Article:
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3 Signs You May Have Suffered Childhood Emotional Incest

As adults, romantic intimacy may feel threatening.

Key points

  • The dynamic sometimes called emotional incest can emerge when parents seek to get their emotional needs met by their children. 
  • Parents who engage in this dynamic often live with mental illness, substance abuse, loneliness, or divorce.
  • Lingering effects in adulthood include fear of intimacy and a flight/fight response to closeness.
Photo by Annie Spratt on Unsplash
Source: Photo by Annie Spratt on Unsplash

Parents are the first relationships in a child’s life. Everything they learn about relationships is modeled by their parents. Even before developing language, children absorb their parents’ feelings and behavior, their moods, their way of communicating, or how they express affection or frustration.

How the Dynamic Develops

It is not a recognized clinical diagnosis and does not refer to inappropriate sexual contact, but the term "emotional incest" (also known as "covert incest") is sometimes used to describe parents who are unable to maintain healthy boundaries with their children. Such parents may be living with mental illness, substance abuse, an unhappy marriage, or divorce. In essence, such parents feel alone and unloved, and rather than seek support from other adults, they turn to their children for intimacy and care. They may burden children with their own needs, constantly seek their validation, become emotionally or psychically clingy, or try to control the child.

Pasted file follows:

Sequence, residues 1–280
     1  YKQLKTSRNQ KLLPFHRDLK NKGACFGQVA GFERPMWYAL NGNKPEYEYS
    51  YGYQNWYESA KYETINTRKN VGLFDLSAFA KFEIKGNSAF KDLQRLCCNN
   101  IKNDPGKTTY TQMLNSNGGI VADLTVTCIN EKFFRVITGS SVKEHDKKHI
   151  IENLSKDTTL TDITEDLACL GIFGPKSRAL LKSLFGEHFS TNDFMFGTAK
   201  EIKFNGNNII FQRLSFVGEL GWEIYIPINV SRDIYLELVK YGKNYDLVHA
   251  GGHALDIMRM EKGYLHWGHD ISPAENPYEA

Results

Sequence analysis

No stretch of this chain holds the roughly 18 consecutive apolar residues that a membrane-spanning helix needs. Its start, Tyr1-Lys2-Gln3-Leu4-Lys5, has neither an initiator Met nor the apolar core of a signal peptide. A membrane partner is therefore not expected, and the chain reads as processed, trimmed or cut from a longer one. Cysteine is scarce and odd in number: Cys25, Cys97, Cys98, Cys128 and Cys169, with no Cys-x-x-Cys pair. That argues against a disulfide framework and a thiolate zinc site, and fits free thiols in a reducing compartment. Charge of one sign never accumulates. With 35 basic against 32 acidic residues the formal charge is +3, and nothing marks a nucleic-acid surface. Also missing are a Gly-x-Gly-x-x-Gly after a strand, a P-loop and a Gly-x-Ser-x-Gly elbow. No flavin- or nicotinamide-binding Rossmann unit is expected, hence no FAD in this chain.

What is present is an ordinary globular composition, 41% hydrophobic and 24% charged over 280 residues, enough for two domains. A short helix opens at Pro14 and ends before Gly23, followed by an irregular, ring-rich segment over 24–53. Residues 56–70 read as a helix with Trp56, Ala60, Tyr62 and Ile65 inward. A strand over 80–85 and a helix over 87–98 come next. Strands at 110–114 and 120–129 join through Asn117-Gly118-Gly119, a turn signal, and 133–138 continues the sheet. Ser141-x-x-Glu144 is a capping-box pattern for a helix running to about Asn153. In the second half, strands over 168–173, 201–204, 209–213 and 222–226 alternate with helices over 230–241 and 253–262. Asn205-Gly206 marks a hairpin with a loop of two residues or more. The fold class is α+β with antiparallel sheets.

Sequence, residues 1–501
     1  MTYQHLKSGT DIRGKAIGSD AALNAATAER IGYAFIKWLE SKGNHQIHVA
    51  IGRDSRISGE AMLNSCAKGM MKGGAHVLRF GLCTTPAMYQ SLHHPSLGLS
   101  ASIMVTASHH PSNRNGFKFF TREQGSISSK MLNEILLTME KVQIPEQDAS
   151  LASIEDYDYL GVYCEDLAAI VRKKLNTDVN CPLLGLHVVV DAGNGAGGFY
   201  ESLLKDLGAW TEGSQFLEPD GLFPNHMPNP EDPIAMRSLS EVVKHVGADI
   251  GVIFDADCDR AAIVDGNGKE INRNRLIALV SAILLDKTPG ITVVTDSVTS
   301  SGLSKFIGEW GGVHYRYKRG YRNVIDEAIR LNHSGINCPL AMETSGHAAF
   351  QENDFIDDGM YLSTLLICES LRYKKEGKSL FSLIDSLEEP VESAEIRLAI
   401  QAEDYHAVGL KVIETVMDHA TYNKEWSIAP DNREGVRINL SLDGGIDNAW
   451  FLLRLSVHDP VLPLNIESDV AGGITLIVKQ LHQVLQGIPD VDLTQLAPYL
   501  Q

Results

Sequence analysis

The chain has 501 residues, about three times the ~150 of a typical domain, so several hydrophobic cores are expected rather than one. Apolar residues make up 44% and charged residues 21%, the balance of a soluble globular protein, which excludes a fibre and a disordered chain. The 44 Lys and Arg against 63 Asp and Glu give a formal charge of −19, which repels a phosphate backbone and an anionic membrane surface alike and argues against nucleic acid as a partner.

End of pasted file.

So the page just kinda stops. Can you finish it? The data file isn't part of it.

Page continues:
In seeking comfort from their child they are asking their child, in a way, to become their parent. While some children may find this exciting, the excitement quickly wears off. The parent’s emotional needs become overwhelming; few children caught in such a dynamic can meet all the needs of the parent.

How Children Try to Break Free

To break free of this unhealthy dynamic, children attempt to create distance; they pull away from their parents and try to establish healthier boundaries. Unfortunately, parents may start to feel abandoned and shame or guilt their children, become physically or verbally abusive, slip into depression, or withdraw from their children completely. They can attempt to make their children feel ashamed for wanting to be separate. In a sense, they demand that their children stay merged with them, an effort that runs counter to healthy emotional development.

Signs of a Problem in Adulthood

Emotional incest leaves a deep scar on a child's experience of closeness and intimacy; specifically, they struggle in intimate relationships as adults. Signs of enduring this dynamic include:

1. Difficulty sustaining intimate relationships. Your romantic relationships start strong and may have great honeymoon periods. But they tend to decline quickly as emotional intimacy grows. You start to distrust your partner, feel insecure or trapped.

2. Disassociation, confusion, or taking distance from your romantic partner. You start to pull away without explanation. Sex becomes unsatisfying, even revolting. You may grow inexplicably cold, critical, become quick to find fault with them, or blame your partner for your discomfort.

3. Panicky responses to intimacy such as flight or fight. As fear grows, you may invent a reason to stop seeing a partner or ghost them completely. Sometimes you initiate fights to get a partner to break up with you. Either way, you are in flight from the relationship.

Exploring fears about intimacy with a skilled individual therapist is a good way to start to recover from the effects of this unhealthy childhood dynamic.

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